"I certify, on honor, that I have minutely inspected the Recruit, William Cowhey previously to his enlistment, and that he was entirely sober when enlisted; that, to the best of my judgment and belief, he is of lawful age; and that, in accepting him as duly qualified to perform the duties of an able-bodied soldier, I have strictly observed the Regulations which govern the recruiting service. This soldier has grey eyes, black hair, dark complexion, is five feet four inches high. [signed] H.V. [unsure of surname] Capt. 5th Arty. Recruiting Officer"

Key to Transcription

Black = pre-printed on form
Blue = handwritten
Red = not in record; my notes


Jacqi Stevens said...

What a treasure to have, Lisa--and a nice way to commemorate his service!

Ellie said...

Nice find Lisa! Hope you find that photo.

jrc127 said...
This comment has been removed by a blog administrator.
jrc127 said...

Lisa, thanks for sharing this. I have been accepted into the SUVCW based on William's service. A "boatman?" I've built boats and sailed boats (and grounded boats)maybe now I know why I like boats.

James Cowhey

Lisa / Smallest Leaf said...

That's great, James! I'm a member of the DUVCW.

This is the only document I have listing William as a boatman, and it was very interesting to learn this. I had wondered what originally brought the Cowheys to Pottsville and when and why they came. I'm having trouble locating them in New York and finding their arrival date into PA.

William later worked for the railroad, but before the railroads were put into place to move coal out of the region for sale into the bigger cities, they used canals and boats. This was the precursor to the railroad and probably the first job that Patrick and his sons held in the area.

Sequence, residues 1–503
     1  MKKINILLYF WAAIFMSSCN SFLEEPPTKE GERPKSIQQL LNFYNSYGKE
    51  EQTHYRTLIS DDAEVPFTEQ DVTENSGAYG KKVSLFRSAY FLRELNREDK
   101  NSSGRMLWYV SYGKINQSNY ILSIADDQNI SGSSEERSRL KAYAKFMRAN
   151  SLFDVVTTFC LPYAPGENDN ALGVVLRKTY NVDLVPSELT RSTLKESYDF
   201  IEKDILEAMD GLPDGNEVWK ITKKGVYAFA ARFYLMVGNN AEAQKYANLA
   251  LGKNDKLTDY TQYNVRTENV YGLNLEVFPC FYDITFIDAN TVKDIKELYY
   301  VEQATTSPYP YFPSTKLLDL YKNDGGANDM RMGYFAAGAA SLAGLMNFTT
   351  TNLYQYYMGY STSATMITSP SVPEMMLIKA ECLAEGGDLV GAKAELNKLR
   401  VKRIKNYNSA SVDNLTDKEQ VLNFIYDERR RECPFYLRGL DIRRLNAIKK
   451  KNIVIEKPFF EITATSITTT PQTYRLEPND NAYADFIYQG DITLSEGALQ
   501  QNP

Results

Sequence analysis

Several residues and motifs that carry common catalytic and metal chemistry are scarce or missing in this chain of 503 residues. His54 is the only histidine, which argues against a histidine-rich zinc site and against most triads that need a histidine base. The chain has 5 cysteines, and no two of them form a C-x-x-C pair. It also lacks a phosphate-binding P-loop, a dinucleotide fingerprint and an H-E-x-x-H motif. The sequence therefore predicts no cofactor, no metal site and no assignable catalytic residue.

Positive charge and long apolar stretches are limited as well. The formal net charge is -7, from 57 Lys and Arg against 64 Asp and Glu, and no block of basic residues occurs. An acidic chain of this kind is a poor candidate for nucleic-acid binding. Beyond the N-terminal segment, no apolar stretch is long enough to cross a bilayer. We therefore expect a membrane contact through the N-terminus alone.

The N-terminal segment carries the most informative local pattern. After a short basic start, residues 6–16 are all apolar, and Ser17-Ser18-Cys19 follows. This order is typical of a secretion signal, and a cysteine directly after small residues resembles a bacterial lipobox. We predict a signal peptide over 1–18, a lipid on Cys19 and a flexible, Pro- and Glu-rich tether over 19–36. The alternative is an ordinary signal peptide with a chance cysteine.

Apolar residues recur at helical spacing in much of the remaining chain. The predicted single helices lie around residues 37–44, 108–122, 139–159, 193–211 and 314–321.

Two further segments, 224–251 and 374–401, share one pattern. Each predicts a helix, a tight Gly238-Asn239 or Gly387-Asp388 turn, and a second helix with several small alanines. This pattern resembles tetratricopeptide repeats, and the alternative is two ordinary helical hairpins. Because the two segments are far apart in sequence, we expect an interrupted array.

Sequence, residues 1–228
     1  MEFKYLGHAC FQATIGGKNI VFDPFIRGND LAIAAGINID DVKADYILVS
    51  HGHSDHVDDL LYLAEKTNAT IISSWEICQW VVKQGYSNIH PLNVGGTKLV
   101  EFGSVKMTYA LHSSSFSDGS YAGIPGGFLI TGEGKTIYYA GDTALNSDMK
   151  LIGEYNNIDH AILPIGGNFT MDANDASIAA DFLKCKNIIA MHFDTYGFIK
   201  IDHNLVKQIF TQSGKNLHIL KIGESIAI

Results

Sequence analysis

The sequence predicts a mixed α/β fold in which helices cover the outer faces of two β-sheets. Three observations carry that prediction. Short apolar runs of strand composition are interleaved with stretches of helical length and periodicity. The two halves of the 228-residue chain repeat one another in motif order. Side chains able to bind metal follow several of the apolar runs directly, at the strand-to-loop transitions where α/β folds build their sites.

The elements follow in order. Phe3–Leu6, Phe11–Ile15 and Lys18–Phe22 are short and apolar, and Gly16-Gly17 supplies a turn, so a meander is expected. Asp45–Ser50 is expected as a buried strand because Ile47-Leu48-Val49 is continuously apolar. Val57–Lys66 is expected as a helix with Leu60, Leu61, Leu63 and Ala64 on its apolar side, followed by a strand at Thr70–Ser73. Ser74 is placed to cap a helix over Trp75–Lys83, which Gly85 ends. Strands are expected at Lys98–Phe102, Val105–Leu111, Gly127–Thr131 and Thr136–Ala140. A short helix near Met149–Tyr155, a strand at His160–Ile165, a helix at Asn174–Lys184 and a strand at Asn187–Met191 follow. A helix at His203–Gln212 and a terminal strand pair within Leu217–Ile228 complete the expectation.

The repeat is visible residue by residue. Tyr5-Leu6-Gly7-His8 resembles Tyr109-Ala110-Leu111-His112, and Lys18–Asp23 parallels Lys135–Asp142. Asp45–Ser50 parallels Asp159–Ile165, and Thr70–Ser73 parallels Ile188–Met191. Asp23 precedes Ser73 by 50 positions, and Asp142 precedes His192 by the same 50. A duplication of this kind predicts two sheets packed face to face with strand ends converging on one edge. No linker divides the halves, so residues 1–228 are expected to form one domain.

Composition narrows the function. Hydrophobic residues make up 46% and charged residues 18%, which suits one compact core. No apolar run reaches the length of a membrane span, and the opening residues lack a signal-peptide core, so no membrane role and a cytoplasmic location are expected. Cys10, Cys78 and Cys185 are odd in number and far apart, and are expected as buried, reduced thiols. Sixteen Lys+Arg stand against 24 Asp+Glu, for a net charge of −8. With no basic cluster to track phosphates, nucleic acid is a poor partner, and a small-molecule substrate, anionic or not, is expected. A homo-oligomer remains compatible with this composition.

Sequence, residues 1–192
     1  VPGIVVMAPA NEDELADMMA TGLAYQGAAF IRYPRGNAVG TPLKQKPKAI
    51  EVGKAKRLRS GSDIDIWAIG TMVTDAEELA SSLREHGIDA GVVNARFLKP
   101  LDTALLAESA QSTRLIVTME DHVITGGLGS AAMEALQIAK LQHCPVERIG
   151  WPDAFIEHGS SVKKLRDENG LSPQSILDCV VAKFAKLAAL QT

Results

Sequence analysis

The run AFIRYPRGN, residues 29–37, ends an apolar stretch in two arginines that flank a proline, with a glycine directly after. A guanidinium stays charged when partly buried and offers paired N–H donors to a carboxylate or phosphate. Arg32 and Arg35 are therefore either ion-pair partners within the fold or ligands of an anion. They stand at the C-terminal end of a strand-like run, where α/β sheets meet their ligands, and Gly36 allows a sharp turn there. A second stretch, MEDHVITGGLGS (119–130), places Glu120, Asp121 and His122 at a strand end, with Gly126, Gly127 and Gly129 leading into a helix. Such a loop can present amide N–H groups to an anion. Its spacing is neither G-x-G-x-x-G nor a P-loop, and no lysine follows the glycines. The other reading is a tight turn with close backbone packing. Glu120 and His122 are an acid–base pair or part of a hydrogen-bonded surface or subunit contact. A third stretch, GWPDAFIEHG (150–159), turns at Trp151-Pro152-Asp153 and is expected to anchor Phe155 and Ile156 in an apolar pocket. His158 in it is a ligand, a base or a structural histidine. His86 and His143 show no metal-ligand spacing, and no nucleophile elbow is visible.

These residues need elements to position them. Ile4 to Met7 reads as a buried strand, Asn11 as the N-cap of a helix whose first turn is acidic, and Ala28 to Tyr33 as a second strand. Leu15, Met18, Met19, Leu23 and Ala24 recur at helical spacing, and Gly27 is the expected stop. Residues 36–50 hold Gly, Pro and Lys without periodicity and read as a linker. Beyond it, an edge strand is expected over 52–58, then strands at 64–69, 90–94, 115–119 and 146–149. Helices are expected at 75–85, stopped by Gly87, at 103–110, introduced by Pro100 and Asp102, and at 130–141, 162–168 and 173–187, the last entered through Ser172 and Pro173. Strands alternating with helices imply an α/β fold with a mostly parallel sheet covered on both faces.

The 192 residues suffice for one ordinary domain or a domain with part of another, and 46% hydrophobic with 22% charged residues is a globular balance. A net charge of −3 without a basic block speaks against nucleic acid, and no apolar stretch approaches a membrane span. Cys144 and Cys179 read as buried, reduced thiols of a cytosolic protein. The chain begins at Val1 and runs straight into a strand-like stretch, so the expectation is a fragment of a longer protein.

the honeymoontrail.blogspot.com said...

Lisa, I loved the way you color coded with blue for the handwritten part and red for his signature or when unsure of something. I'm transcribing the letter of my gg grandfather. Sometimes I can't read his writing.

Lisa / Smallest Leaf said...

Thanks for your comment, Grant. I also use green to indicate words that are stamped onto documents. See Tierney family treasure: Patrick's naturalization papers, 1876 for an example.

cindy said...

Lisa - I'm the "voice" behind @DauOfUnionVeter on twitter. I've enjoyed reading your blog very much! I have such a crazy soft spot for the Civil War and it's veterans. I can tell from your writing you do too! I'll be back often to see your posts!
Fellow DUVCW member - Cindy

Lisa / Smallest Leaf said...

Hello Cindy -

For some reason I had missed your comment until now. Thanks for stopping by!

Yes, we do share a "soft spot" for the Civil War and its veterans. I plan to write more while we as a nation focus on the 150th anniversary of the "Great Rebellion" (as my Union ancestors called it). So many stories to share...

Thanks again for reading. Keep in touch!